On or before May 22, 2010, the Treasury Department is expected to announce regulations implementing the Qualified Therapeutic Discovery Project Credit. The announcement will put in motion the process by which the Treasury Department, in consultation with the Department of Health and Human Services, will allocate $1 billion among small businesses that have made or will make qualified investments in certain therapeutic discovery projects in 2009 or 2010. What makes this tax credit especially attractive is that businesses can elect to receive a grant in lieu of the nonrefundable tax credit; such a grant is not includible in gross income, although it is subject to recapture if an investment ceases to be a qualified investment. With approximately one month remaining before the announcement, eligible businesses should become familiar with the tax credit, so that they are well positioned to take advantage of the program once the application process is announced.


On March 23, 2010, President Obama signed the $1 billion Qualified Therapeutic Discovery Project Credit into law as part of the Patient Protection and Affordable Care Act. The credit provides businesses whose applications are approved and certified by the Treasury Department with a tax credit or grant equal to 50 percent of the amount of its qualified investment. Both ongoing projects and projects completed in 2009 are eligible under the program.


Which businesses can participate?

Only businesses with 250 or fewer employees will qualify for the tax credit. Control group rules apply in determining the number of employees. Applicants may elect to receive a grant in lieu of a tax credit, such that businesses with little or no tax liability in 2009 and 2010 can also benefit from the program.

Which projects qualify?

A qualifying therapeutic discovery project is a project designed to develop a product, process, or therapy to diagnose, treat, or prevent diseases and afflictions by (a) conducting pre-clinical activities, clinical trials, clinical studies, and research protocols or (b) developing technology or products designed to diagnose diseases and conditions, including molecular and companion drugs and diagnostics, or to further the delivery or administration of therapeutics.

Which expenses count toward the credit?

Expenses that are necessary for and directly related to the conduct of a given qualified therapeutic discovery project, in the aggregate, constitute the qualified investment for such project. Businesses can elect to include expenditures related to depreciable property in the qualified investment, but, if doing so, must reduce the tax basis for the property by the amount of the credit. The qualified investment does not include:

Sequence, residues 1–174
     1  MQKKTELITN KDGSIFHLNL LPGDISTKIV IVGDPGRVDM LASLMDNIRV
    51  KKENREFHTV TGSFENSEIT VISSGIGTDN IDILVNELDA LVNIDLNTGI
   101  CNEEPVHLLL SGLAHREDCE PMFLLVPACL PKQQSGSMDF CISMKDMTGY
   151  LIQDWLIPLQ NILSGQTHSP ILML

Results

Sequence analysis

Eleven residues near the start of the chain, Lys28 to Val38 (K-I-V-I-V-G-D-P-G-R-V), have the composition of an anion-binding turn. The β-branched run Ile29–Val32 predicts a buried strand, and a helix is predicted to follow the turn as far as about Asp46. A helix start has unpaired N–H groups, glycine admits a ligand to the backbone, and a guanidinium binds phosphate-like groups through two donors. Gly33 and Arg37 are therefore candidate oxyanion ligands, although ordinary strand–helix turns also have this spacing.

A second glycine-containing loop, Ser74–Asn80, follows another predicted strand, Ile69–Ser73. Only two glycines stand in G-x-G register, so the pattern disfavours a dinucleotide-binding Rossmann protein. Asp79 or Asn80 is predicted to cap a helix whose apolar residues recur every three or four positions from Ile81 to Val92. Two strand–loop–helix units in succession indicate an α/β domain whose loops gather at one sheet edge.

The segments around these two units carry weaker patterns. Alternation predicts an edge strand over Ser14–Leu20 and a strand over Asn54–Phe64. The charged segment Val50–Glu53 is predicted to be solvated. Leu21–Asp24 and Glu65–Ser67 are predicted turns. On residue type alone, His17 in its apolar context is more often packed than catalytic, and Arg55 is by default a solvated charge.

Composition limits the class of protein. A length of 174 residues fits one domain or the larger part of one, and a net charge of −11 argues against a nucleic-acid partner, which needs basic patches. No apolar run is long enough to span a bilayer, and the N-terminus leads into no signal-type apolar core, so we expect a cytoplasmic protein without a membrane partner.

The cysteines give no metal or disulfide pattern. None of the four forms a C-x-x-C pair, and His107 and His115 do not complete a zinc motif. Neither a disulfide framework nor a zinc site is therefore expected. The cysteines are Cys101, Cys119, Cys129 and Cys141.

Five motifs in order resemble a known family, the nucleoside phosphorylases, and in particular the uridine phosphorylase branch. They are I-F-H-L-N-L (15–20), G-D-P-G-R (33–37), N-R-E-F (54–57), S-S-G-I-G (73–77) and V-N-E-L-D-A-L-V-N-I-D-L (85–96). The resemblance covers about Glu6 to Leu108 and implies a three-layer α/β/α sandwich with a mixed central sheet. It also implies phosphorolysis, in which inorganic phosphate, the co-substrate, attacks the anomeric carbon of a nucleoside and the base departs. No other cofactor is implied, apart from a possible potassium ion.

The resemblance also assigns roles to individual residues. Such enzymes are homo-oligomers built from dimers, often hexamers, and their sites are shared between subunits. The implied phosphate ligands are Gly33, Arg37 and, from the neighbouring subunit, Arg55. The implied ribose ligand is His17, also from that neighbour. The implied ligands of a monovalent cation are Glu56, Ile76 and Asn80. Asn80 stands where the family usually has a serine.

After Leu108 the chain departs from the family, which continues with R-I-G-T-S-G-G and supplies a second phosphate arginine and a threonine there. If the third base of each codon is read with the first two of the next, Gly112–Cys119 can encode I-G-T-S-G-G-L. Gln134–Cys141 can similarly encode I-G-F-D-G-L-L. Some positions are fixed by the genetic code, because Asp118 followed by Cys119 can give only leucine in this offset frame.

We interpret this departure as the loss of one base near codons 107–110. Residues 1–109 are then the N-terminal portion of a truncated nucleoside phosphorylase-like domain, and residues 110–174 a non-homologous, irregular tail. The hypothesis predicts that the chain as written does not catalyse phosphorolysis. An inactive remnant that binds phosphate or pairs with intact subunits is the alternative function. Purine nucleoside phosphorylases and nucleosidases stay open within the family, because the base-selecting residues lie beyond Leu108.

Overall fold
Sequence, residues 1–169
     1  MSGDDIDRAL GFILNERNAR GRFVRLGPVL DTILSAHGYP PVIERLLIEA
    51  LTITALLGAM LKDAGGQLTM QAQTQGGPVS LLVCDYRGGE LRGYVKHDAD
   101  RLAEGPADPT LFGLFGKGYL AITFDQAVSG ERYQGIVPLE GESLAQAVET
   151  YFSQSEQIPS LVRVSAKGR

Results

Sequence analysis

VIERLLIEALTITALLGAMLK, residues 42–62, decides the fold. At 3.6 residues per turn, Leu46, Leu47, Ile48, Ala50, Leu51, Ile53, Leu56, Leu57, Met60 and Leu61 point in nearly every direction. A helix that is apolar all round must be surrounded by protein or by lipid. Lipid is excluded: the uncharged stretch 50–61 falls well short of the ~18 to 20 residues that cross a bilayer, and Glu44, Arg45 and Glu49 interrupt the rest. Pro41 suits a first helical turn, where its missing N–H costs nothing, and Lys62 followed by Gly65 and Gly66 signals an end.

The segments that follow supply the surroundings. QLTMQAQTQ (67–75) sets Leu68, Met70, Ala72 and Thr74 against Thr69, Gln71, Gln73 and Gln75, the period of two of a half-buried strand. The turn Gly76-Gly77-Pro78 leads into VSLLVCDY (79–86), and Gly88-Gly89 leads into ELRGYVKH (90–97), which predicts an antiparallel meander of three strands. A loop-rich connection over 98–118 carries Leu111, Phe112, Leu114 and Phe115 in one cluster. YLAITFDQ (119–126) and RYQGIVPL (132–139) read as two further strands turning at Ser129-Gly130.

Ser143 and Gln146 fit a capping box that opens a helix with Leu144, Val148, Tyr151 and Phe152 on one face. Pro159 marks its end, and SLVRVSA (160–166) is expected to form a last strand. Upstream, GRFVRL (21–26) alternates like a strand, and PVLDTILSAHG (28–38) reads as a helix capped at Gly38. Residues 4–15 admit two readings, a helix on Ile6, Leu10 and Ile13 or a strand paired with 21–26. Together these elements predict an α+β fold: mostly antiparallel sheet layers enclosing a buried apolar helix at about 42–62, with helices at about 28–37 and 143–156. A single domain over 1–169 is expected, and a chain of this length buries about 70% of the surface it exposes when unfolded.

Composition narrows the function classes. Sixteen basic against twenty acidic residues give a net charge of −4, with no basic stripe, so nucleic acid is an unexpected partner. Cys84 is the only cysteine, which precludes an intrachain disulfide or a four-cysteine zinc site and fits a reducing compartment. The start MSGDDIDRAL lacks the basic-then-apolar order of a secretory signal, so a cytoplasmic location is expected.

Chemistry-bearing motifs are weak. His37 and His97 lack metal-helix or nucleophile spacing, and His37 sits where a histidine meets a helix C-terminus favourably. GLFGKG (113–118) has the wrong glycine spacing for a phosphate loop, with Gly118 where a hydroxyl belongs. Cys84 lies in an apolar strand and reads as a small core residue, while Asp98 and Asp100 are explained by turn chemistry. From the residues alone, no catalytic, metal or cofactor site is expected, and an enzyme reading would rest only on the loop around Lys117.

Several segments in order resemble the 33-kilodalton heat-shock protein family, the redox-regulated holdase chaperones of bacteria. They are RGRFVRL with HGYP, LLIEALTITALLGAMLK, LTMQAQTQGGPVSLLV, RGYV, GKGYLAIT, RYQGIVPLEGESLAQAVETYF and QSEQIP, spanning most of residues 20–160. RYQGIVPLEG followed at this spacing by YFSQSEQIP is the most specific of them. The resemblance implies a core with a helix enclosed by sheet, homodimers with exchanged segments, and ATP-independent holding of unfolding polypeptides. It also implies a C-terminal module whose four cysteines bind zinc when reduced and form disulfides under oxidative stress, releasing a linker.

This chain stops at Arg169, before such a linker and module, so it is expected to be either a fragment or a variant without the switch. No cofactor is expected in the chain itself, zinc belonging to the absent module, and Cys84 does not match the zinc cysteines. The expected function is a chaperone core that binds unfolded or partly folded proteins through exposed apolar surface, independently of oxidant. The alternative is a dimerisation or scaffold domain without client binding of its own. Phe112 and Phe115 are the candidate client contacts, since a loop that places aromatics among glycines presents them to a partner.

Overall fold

• Compensation paid to the chief executive officer and the four highest-paid employees other than the chief executive officer;
  • Interest expense;
  • Facility maintenance expense;
  • Service costs, including indirect costs that can be identified with a service department or function (e.g. personnel, accounting, data processing, legal or similar departments) or that directly benefit or are incurred by reason of a service department or function; or
  • Any other expense as determined by the Treasury Secretary.

To qualify, amounts must be paid or incurred after December 31, 2008.


The Act charges the Treasury Secretary with adopting and announcing, by May 22, 2010, the application process to administer distribution of the $1 billion in tax credits. The Act requires the Treasury Secretary to take action to approve or deny any application within 30 days of the submission of such application.


The Treasury Secretary and Secretary of Health and Human Services will select projects for certification based on the eligibility requirements described above, as well as the project’s reasonable potential to:

  • result in new therapies to treat areas of unmet medical need or to prevent, detect, or treat chronic or acute disease conditions;
  • reduce long-term healthcare costs in the United States; or
  • significantly advance the goal of curing cancer within a 30-year period.

Additionally, preference will be given to projects with the greatest likelihood of:

  •  creating and sustaining (directly or indirectly) high-quality, high-paying jobs in the United States; and
  • advancing the United States’ competitiveness in the fields of life, biological, and medical sciences